Among patients who show refractory migraines following repeated attempts at the first-line options, second-line alternatives may be considered, such as valproate, sumatriptan, and acetylsalicylic acid. Valproate (1 g IV) may be considered among patients who have previously had a favorable response. However, research has shown decreased efficacy compared to other first-line options (metoclopramide).7 Sumatriptan may also be considered. Although sumatriptan is considered a first-line migraine treatment option in the outpatient setting, it causes many adverse effects (chest tightness, flushing, potentially worse headache) and an increased rate of short-term headache recurrence.25 Additionally, the first-line antidopaminergics have increased efficacy and improved tolerability compared to triptans.26,27 Nevertheless, sumatriptan (6 mg SQ) may be considered among patients who do not have cardiovascular risk factors and who have received a benefit from it during previous migraine attacks. Although ketamine (0.15-0.3 mg/kg IV, 15 min infusion) is not recommended for migraine headaches as it has been shown to be ineffective,28 and also inferior to prochlorperazine for benign headaches,29 it may be considered as a non-opioid alternative for refractory headache pain. If available, addition of acetylsalicylic acid (0.5-1 g IV) may also be considered with efficacy comparable to sumatriptan but with less of a side effect profile.30,31

Propofol (sub-anesthetic dosing – 30–40 mg IV) with repeat boluses of 10 mg every 3-5 min up to 120 mg may be considered as a last resort for refractory migraines.32 The use of propofol is limited by the need for cardiac monitoring and provider observation to avoid over-sedation.


It is essential to set realistic expectations for patients presenting for migraine management. Though many patients will have a defined analgesic regimen that works best for their migraine flairs, most will not and will require trial periods of the above stepwise approach. Dexamethasone (10 mg IV) may assist with prevention, yet up to two-thirds patients will still have migraine relapse in the days following ED visit.2 Be sure to establish outpatient primary care follow up for management and ensure close ED return precautions for warning signs that may suggest an alternative diagnosis such as continued headache suffering, fever, or vomiting with an inability to tolerate oral fluids. Among patients without contraindications, naproxen (500 mg PO) or sumatriptan (100 mg PO) may be prescribed to treat a short-term recurrence of headache after ED discharge.33 A sumatriptan auto-injector (Imitrex) is also available as an easy-to-use administration during an acute headache attack.34 Additionally, acetaminophen or acetaminophen/aspirin/caffeine combination (Excedrin) may be effective in treating the pain and associated side effects of migraine headaches.35,36 The combination acetaminophen/butalbital/caffeine (Fioricet) should be avoided due to the increased adverse effect profile, medication overuse headaches, and rebound headaches.37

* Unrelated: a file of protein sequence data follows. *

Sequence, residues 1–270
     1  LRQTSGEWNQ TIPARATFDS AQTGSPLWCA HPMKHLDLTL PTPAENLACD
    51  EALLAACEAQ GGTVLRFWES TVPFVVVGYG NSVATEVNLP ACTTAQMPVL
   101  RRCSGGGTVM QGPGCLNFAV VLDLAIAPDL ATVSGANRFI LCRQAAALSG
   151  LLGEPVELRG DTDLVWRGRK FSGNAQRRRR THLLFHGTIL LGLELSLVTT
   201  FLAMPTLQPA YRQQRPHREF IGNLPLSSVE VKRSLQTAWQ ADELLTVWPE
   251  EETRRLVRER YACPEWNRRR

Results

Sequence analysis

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  3. International Headache Society Classification ICHD-3: Migraines Without Aura. 2018  [cited 2018; Available from:
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  5. Orr SL, Friedman BW, Christie S, et al. Management of Adults With Acute Migraine in the Emergency Department: The American Headache Society Evidence Assessment of Parenteral Pharmacotherapies. Headache. 2016. 56(6):911-940.
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  9. D'Souza RS, Mercogliano C, Ojukwu E, et al. Effects of prophylactic anticholinergic medications to decrease extrapyramidal side effects in patients taking acute antiemetic drugs: a systematic review and meta-analysis. Emerg Med J. 2018;35(5):325-331.
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  16. Latev A, Friedman BW, Irizarry E, et al. A Randomized Trial of a Long-Acting Depot Corticosteroid Versus Dexamethasone to Prevent Headache Recurrence Among Patients With Acute Migraine Who Are Discharged From an Emergency Department. Ann Emerg Med. 2019;73(2):141-149.
  17. Delavar Kasmaei H, Amiri M, Negida A, Hajimollarabi S, Mahdavi N. Ketorolac versus Magnesium Sulfate in Migraine Headache Pain Management; a Preliminary Study. Emerg (Tehran). 2017;5(1):e2.
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  19. Gawel MJ, Rothbart PJ. Occipital nerve block in the management of headache and cervical pain. Cephalalgia. 1992;12(1):9-13.
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  28. Etchison AR, Bos L, Ray M, et al. Low-dose Ketamine Does Not Improve Migraine in the Emergency Department: A Randomized Placebo-controlled Trial. West J Emerg Med. 2018;19(6):952-960.
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  33. Friedman BW, Solorzano C, Esses D, et al. Treating headache recurrence after emergency department discharge: a randomized controlled trial of naproxen versus sumatriptan. Ann Emerg Med. 2010;56(1):7-17.
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  36. Lipton RB, Baggish JS, Stewart WF, Codispoti JR, Fu M. Efficacy and safety of acetaminophen in the treatment of migraine: results of a randomized, double-blind, placebo-controlled, population-based study. Arch Intern Med. 2000;160(22):3486-3492.
  37. Feeney R. Medication Overuse Headache Due to Butalbital, Acetaminophen, and Caffeine Tablets. J Pain Palliat Care Pharmacother. 2016;30(2):148-149.